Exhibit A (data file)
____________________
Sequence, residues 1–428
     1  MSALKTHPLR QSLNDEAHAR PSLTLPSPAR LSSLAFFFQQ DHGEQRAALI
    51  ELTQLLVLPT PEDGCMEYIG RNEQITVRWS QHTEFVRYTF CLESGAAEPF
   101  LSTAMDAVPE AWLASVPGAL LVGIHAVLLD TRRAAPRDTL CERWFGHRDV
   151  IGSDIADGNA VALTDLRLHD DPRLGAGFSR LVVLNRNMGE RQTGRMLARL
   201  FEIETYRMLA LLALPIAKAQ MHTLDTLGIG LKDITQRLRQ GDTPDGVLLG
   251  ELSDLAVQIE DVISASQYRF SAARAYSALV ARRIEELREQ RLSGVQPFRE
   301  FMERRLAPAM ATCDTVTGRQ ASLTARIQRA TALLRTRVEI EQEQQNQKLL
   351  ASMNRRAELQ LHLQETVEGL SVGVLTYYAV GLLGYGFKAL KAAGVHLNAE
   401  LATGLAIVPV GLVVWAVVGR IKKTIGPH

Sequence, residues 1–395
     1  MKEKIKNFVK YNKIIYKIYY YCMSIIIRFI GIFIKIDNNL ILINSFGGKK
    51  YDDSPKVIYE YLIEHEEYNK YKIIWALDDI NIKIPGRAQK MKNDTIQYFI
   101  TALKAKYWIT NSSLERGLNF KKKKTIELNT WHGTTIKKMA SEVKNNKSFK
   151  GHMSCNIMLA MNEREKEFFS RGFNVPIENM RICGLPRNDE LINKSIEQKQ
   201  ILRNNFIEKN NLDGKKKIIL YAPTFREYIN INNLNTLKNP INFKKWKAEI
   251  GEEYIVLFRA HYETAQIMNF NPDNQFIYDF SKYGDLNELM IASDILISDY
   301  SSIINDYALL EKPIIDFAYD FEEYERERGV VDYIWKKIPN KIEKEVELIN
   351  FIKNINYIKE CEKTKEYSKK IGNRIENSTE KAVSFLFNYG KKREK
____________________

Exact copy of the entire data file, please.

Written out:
Sequence, residues 1–428
     1  MSALKTHPLR QSLNDEAHAR PSLTLPSPAR LSSLAFFFQQ DHGEQRAALI
    51  ELTQLLVLPT PEDGCMEYIG RNEQITVRWS QHTEFVRYTF CLESGAAEPF
   101  LSTAMDAVPE AWLASVPGAL LVGIHAVLLD TRRAAPRDTL CERWFGHRDV
   151  IGSDIADGNA VALTDLRLHD DPRLGAGFSR LVVLNRNMGE RQTGRMLARL
   201  FEIETYRMLA LLALPIAKAQ MHTLDTLGIG LKDITQRLRQ GDTPDGVLLG
   251  ELSDLAVQIE DVISASQYRF SAARAYSALV ARRIEELREQ RLSGVQPFRE
   301  FMERRLAPAM ATCDTVTGRQ ASLTARIQRA TALLRTRVEI EQEQQNQKLL
   351  ASMNRRAELQ LHLQETVEGL SVGVLTYYAV GLLGYGFKAL KAAGVHLNAE
   401  LATGLAIVPV GLVVWAVVGR IKKTIGPH

Sequence, residues 1–395
     1  MKEKIKNFVK YNKIIYKIYY YCMSIIIRFI GIFIKIDNNL ILINSFGGKK
    51  YDDSPKVIYE YLIEHEEYNK YKIIWALDDI NIKIPGRAQK MKNDTIQYFI
   101  TALKAKYWIT NSSLERGLNF KKKKTIELNT WHGTTIKKMA SEVKNNKSFK
   151  GHMSCNIMLA MNEREKEFFS RGFNVPIENM RICGLPRNDE LINKSIEQKQ
   201  ILRNNFIEKN NLDGKKKIIL YAPTFREYIN INNLNTLKNP INFKKWKAEI
   251  GEEYIVLFRA HYETAQIMNF NPDNQFIYDF SKYGDLNELM IASDILISDY
   301  SSIINDYALL EKPIIDFAYD FEEYERERGV VDYIWKKIPN KIEKEVELIN
   351  FIKNINYIKE CEKTKEYSKK IGNRIENSTE KAVSFLFNYG KKREK